Paul Poiret has been cited by a zillion designers this week. This is partly in anticipation of the upcoming retrospective at the Costume Institute, but also simply because those waistless Poiret pear shapes are an inevitable next step in the Darwinian evolution of the silhouette. But of all those shows where his name was invoked, at Vivienne Tam it was the most difficult to see any actual evidence of Poiret in the clothes.

Season after season, Tam reworks the Chinese qipao. This go-round, she developed a qipao/twenties hybrid and overadorned it with ruffled bibs and geometric shapes ┐slashed┐ to expose flashes of the underlayering—and then added clunky, studded wood platform shoes for good measure. It was difficult to imagine where anyone could wear most of this: A lot of it was too fussy for the office but still not quite right for a night on the town.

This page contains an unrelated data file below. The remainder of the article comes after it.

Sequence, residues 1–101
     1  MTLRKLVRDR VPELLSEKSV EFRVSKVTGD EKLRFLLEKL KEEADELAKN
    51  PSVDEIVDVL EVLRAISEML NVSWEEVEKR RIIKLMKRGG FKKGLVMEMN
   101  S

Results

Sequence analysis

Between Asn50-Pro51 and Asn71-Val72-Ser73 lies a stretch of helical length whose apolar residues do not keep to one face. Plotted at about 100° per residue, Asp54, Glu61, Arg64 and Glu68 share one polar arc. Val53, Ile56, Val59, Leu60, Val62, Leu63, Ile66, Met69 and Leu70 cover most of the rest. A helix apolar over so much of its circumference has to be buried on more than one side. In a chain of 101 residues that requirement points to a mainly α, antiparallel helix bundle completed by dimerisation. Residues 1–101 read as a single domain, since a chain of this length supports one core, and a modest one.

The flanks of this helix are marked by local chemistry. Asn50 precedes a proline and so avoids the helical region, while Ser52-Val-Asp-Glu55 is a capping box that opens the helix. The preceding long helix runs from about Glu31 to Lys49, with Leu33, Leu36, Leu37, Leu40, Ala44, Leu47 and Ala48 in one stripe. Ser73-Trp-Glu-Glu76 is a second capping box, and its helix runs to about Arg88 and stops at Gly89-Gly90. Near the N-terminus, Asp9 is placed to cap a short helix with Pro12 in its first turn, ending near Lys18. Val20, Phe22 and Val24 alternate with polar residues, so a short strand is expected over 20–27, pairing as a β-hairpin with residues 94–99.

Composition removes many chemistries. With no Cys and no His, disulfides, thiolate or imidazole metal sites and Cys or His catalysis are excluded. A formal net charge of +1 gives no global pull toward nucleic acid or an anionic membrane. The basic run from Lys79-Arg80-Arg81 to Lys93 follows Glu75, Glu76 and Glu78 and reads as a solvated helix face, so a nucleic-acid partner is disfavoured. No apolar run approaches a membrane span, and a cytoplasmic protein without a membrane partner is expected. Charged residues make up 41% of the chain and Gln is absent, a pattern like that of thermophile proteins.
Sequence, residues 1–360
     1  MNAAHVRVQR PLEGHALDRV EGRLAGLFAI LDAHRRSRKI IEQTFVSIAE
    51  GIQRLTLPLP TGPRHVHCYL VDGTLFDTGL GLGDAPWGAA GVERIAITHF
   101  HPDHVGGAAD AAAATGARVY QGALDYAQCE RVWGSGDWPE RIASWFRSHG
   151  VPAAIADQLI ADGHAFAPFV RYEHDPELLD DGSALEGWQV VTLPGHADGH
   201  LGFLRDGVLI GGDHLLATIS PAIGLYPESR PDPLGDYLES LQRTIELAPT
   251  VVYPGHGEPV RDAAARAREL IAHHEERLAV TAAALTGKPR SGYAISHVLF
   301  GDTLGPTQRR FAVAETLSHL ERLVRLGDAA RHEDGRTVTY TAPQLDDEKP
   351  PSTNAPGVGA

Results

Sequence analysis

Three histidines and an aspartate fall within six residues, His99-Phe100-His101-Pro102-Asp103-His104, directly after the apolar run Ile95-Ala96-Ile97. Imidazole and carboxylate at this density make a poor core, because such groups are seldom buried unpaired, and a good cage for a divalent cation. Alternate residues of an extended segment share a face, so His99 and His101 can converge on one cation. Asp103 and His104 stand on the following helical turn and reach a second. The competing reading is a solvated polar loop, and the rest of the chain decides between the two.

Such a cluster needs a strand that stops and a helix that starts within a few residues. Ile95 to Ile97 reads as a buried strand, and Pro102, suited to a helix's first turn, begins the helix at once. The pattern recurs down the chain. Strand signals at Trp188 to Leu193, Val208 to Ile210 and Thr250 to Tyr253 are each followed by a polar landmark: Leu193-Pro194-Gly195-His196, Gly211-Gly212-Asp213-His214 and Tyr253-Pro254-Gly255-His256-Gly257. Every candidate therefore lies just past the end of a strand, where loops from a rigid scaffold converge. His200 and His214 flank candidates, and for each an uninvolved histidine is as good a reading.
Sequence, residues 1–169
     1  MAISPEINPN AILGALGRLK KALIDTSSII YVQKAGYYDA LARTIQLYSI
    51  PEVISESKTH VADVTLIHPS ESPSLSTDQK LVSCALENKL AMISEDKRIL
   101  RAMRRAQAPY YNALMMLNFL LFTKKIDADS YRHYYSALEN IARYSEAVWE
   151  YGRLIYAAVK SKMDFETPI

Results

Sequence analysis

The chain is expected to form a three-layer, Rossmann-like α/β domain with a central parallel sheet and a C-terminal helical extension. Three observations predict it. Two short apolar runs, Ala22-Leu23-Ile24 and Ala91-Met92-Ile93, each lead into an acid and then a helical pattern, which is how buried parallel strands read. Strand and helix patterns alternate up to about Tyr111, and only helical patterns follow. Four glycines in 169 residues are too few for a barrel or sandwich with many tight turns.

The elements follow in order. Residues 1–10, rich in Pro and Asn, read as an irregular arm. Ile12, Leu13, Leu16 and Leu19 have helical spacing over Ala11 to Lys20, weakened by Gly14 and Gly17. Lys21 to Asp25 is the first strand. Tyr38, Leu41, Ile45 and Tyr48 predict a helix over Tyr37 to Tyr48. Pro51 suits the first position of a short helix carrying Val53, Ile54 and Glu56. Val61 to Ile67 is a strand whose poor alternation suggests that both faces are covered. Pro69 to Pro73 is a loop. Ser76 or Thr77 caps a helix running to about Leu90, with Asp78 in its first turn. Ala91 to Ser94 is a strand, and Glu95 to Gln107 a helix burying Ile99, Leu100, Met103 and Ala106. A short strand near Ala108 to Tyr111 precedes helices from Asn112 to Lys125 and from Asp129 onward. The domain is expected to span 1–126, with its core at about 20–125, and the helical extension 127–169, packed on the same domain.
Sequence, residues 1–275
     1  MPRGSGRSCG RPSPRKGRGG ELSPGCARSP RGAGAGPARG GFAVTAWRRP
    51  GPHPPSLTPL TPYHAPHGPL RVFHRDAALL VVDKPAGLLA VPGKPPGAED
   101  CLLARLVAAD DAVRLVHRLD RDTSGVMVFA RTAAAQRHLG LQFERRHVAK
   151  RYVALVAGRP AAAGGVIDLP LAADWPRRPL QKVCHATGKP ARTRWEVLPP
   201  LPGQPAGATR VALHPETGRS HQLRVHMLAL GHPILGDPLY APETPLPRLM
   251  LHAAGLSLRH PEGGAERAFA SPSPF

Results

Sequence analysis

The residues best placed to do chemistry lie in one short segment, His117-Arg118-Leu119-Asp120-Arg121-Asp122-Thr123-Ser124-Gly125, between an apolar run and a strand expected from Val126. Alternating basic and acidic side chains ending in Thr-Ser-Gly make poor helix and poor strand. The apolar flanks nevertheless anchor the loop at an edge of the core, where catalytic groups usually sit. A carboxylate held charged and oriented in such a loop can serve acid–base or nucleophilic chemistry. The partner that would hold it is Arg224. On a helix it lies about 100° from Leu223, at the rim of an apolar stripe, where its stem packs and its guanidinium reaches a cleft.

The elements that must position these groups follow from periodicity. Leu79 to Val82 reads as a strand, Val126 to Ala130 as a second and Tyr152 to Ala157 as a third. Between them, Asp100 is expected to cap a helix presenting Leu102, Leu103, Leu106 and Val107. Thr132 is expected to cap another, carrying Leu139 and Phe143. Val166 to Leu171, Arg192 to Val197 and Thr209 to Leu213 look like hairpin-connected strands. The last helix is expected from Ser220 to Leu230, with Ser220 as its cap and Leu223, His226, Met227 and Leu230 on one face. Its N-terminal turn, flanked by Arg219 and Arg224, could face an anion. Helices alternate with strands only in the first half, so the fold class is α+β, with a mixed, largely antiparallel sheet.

A copper-sequined mesh dress was an exception, as was a satin trench with a quilted skull on the back, and a dress with a dragon-embroidered overlay and fur trim at neck and hemlines. Those worked because, unlike much of the rest, they were straightforward looks that hadn┐t been forced through some esoteric fashion filter.